Driven underground after the government branded it a terrorist organization, the Muslim Brotherhood, once a formidable electoral force, called for a boycott of the vote. The proposed constitution was drafted by a 50-member committee appointed in the wake of the military’s removal of Brotherhood-affiliated Morsi in July following huge protests. Morsi’s backers and other opponents of the coup regard the military-backed political process as illegitimate. But the Brotherhood’s current stance is also a role reversal. In late 2012, Morsi’s government alienated other political forces by drafting and then passing a constitution without broad public support.

Concurrent with the crackdown, a massive media campaign is urging Egyptians to approve the new constitution, framing the vote as a revolutionary duty. Banners hang on every major bridge and overpasses in Cairo with slogans like “Yes to the constitution, no to terrorism.” Other ads directly invoke the legacy of the protests that toppled President Hosni Mubarak in 2011 and triggered Morsi’s removal in 2013. “Egypt changed on Jan. 25 and was liberated on June 30,” says one radio ad, referring to the dates of the original uprising and then mass demonstrations against Morsi last year. “Go down and complete the journey. Participate in the referendum on the constitution.” On Saturday, armed-forces chief Abdul Fattah al-Sisi himself urged the public to vote yes “in force,” and hinted at a possible presidential run himself. Claiming a mandate from the protests against Morsi, the general who led the July coup enjoys a considerable cult of personality, and if he chooses to stand for election, he would be considered the electoral favorite.

Supporting the constitution is a mismatched coalition that includes the conservative Salafist Nour Party, Nasserists and secular probusiness groups like the Free Egyptians Party, which is backed by telecommunications mogul Naguib Sawiris. The constitution’s proponents often dismiss concerns that it places too much power in the hands of the military. “We all feel that Egypt is going through a tough phase in facing terrorism these days,” says Free Egyptians founding member Naguib Abadir. “We need a strong military that will not be compromised in the coming eight years in any way, in order to perform the duties that will be key to the survival of Egypt.”

(MORE: Egypt’s Military-Backed Rulers Brand Muslim Brotherhood ‘Terrorist’ and Extend Crackdown)

While the yes campaign is ubiquitous, the once-ascendant voices of the 2011 uprising have been relegated to the margins. Wael Abbas, a prominent dissident blogger and activist opposes the constitution vigorously, but even his own father, an attorney, planned to vote for it. “The constitution gives godly powers to the military in Egypt. It makes them untouchable,” says Abbas. “I tried to explain as much as possible, but he [Abbas’ father] doesn’t look on the Internet. He only sees one side that is aired on TV.” Propaganda and misinformation often circulate in much of Egypt’s media. “When you turn on a television or you open a newspaper, you enter a fact-free zone,” says Nathan Brown, a professor of political science and international affairs at George Washington University, in Washington, D.C.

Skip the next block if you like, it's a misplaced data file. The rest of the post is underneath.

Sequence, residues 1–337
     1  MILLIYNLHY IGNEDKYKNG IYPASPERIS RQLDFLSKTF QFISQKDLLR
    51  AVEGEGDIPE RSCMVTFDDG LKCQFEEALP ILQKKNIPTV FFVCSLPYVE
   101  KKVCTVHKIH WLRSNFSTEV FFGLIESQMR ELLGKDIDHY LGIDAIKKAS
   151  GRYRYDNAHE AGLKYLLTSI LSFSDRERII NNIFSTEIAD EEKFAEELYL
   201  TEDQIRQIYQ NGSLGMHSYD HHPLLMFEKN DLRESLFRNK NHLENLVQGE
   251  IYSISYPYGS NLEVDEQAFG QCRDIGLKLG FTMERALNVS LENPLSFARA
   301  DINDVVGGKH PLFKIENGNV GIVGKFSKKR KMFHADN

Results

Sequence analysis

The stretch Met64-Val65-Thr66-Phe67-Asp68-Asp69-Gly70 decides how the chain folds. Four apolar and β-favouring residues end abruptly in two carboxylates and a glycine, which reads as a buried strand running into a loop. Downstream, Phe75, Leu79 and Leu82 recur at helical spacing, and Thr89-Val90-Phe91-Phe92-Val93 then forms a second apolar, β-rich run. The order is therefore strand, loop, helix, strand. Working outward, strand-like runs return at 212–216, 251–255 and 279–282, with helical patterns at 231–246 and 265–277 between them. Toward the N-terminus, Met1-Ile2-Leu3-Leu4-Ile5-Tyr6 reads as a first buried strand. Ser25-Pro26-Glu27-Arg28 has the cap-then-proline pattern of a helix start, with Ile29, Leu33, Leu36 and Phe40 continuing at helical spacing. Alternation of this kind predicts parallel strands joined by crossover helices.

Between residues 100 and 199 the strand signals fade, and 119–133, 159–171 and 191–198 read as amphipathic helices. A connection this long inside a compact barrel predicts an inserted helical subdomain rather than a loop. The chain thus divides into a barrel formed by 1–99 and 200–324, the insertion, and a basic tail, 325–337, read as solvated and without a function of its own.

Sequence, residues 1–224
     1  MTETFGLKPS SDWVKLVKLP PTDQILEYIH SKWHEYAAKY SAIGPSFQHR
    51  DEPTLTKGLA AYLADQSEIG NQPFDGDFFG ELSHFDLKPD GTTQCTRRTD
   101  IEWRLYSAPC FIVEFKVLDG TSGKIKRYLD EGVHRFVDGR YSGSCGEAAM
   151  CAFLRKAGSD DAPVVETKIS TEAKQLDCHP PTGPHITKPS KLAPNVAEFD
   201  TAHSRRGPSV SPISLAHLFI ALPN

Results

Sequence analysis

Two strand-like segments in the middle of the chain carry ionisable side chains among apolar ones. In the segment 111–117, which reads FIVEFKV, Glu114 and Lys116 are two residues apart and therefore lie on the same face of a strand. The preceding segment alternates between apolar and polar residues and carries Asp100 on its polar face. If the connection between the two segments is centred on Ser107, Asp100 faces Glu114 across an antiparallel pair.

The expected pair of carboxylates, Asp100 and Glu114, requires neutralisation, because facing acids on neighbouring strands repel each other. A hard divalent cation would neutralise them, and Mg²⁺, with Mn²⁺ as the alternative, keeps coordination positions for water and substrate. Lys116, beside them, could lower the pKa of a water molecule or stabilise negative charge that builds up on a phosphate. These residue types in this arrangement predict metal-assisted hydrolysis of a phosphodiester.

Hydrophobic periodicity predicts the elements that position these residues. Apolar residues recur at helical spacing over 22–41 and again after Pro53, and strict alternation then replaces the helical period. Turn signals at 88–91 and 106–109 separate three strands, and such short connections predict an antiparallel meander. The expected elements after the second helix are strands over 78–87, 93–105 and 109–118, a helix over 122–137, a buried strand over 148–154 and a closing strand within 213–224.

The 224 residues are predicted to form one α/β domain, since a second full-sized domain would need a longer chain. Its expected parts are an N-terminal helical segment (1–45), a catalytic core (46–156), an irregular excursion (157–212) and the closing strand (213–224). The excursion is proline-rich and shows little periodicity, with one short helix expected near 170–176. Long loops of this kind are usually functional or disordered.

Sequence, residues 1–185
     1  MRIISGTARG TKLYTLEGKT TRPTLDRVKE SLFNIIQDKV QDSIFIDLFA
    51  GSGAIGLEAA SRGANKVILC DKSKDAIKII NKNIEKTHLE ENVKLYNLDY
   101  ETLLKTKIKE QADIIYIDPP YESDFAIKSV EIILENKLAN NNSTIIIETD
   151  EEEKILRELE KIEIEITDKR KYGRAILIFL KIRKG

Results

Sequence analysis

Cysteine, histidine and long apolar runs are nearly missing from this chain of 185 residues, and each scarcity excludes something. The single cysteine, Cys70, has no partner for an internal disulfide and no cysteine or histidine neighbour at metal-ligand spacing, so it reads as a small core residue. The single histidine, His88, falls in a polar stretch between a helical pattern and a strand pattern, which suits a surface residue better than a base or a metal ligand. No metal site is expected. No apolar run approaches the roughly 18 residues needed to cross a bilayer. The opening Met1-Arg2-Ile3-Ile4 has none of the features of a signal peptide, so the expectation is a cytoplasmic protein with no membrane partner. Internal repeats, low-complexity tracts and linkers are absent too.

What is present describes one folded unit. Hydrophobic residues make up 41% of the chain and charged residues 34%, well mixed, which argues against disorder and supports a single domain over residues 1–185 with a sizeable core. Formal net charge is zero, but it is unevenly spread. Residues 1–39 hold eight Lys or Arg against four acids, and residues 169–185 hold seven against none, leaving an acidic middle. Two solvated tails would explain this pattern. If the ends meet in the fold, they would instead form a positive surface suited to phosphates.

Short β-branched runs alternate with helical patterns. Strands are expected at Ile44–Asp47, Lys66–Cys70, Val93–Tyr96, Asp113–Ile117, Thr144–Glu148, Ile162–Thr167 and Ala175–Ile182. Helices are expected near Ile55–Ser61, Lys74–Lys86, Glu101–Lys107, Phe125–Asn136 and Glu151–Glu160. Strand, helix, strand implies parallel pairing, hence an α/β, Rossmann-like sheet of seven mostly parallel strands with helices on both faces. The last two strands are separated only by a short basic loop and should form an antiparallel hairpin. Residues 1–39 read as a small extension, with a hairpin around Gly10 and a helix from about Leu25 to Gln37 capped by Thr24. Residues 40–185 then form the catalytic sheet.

The proposed constitution’s critics point out that the document grants more autonomy to already powerful state institutions, including the military, judiciary and police. The military’s leadership is granted the power to approve choices for Defense Minister for two presidential terms. Continuing a long-standing practice, military courts are given the power to try civilians. A police council is given the right to approve or reject all laws dealing with police. “It will effectively give the Interior Ministry a veto over reforming itself, and it’s not going to do it,” Brown says.

“It’s vendetta time and anyone who crossed them [the Interior Ministry] is in their crosshairs,” he says. “To me, one of the big questions is, Is any kind of political system that comes out of this going to be able to bring that structure under control? — and I’m not sure that there is.”

Among voters interviewed at the polls on Monday, no one was worried about the possibility that the new constitution would entrench the military’s institutional power. Emerging from the voting room in the Mohandessin school, Ashraf Nasif, a 39-year-old employee of a multinational corporation, says, “Yes, the army did help ousting Morsi but, it couldn’t happen without millions of people in the street. The army alone couldn’t do anything without the people.”